Loma Linda University Medical Center’s Orthopedic Surgery Residency Program provides resident physicians with the knowledge, clinical and surgical skills in every area of orthopedic surgery. Our program’s curriculum balances theory with hands-on practice and is facilitated by diverse and dedicated faculty members. We are committed to the:
- Education of competent and compassionate orthopedic surgeons
- Performance of clinically relevant research
- Provision of high quality orthopedic care to our patients
Orthopedic training begins with an integrated internship, where each resident spends time studying:
- General surgical fields for 3 months
- Musculoskeletal-related specialties for 3 months
- Orthopedic surgery for 6 months
During the second year, each resident is given first-hand operative opportunities that build the foundation for the acquisition of orthopedic knowledge and experience.
In the third year rotations to Arrowhead Regional Medical Center and the Veterans Administration Hospital strengthen each resident's surgical skills and didactic knowledge application. The program provides six months of research and administrative time during the third and fourth years.
The fifth and final year of training empowers the resident with leadership responsibilities at each of the affiliated hospitals. This particular experience refines residents’ orthopedic leadership skills.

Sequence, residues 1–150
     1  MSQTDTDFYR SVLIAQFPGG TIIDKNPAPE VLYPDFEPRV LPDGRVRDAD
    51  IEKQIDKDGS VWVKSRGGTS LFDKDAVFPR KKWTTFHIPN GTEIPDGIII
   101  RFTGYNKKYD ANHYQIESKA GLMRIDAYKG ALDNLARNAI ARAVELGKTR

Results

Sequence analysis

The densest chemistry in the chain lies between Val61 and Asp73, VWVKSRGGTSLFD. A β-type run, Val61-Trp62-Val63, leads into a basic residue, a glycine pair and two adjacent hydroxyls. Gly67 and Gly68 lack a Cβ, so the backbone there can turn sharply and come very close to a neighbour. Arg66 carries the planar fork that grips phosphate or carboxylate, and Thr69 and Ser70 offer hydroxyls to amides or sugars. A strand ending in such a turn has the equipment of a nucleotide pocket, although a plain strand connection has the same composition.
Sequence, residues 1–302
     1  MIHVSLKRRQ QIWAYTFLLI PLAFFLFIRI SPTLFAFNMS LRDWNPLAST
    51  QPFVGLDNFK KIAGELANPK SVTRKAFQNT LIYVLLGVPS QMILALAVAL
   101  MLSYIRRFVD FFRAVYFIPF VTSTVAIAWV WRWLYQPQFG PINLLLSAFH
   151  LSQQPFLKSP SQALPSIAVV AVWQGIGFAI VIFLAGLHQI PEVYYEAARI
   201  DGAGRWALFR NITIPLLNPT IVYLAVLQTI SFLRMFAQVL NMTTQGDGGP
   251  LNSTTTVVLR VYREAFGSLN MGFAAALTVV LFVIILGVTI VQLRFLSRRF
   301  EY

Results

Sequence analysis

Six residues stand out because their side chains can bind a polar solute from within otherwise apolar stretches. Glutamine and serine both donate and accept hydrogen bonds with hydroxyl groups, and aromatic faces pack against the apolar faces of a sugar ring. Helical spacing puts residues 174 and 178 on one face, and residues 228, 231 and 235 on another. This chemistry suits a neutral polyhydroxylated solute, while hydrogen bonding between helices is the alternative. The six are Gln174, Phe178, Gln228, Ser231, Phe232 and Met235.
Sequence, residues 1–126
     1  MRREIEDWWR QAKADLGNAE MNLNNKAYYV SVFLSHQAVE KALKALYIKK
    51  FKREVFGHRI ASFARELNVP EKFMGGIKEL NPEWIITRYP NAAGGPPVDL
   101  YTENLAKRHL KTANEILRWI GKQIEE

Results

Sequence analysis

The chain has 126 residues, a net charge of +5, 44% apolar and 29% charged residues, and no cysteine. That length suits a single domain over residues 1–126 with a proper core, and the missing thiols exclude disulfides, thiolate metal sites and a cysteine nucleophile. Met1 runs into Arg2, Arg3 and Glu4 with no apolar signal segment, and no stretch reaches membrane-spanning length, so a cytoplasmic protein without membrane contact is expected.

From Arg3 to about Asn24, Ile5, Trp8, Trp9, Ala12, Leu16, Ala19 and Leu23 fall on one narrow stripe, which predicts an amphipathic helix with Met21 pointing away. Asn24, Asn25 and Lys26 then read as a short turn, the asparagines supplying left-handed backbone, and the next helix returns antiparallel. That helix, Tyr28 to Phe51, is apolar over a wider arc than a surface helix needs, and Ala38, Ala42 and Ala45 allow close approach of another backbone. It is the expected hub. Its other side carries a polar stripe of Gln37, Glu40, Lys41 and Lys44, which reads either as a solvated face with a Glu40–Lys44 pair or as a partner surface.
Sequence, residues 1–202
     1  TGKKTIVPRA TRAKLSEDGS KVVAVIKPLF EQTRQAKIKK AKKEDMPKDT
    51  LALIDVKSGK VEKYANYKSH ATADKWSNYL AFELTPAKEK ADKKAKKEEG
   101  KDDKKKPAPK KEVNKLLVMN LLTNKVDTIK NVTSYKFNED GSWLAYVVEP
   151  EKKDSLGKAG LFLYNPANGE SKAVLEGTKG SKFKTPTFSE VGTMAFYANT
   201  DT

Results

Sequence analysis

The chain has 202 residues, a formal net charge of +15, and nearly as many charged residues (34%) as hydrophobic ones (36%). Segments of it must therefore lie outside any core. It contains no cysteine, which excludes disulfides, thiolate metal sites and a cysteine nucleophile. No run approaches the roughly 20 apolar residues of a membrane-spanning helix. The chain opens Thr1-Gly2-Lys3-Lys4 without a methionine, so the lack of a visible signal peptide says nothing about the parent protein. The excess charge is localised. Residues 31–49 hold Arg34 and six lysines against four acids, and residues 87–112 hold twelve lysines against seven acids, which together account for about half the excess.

Loma Linda University Medical Center
Our medical center is the primary teaching facility for residencies. From a clinical standpoint, services are divided by subspecialties and are supervised by full-time faculty members. During the PGY-2 rotation, residents learn the fundamental principles of orthopedics. Pediatric orthopedics is learned during the PGY-3 and PGY-4 rotations. Research experience and hypothesis testing occur during the PGY-3 and PGY-4 rotations. PGY-5 residents are given responsibility to coordinate care and teach junior residents. Most of the didactic education occurs through Loma Linda University Medical Center.
Arrowhead Regional Medical Center (ARMC)
Residents rotate to Arrowhead Regional Medical Center, a Level II Trauma Center, as PGY-3s, PGY-4s, and PGY-5s. The primary focus of this rotation is in trauma, specifically adult and pediatric aspects. Residents are given graduate responsibilities, and surgical confidence is developed through this experience. While under attending physician guidance at ARMC, residents learn decision-making skills and surgical independence. In addition to the clinical material, one didactic conference focusing on case presentations and discussions is offered every week.
Veterans Administration Hospital (VAH)
The Veterans Administration Hospital rotation is designed around the care of the veteran population. Residents are given increasing responsibilities, starting from the PGY-3 level and finishing with the PGY-5 level. Residents also learn decision-making skills and surgical independence under attending staff guidance, achieving confidence by the PGY-5 level. The VAH Indications Conference takes place once a week and focuses on case discussions regarding surgical patients. The Total Joint Conference also takes place every week where recently performed and upcoming cases and other didactic materials are discussed.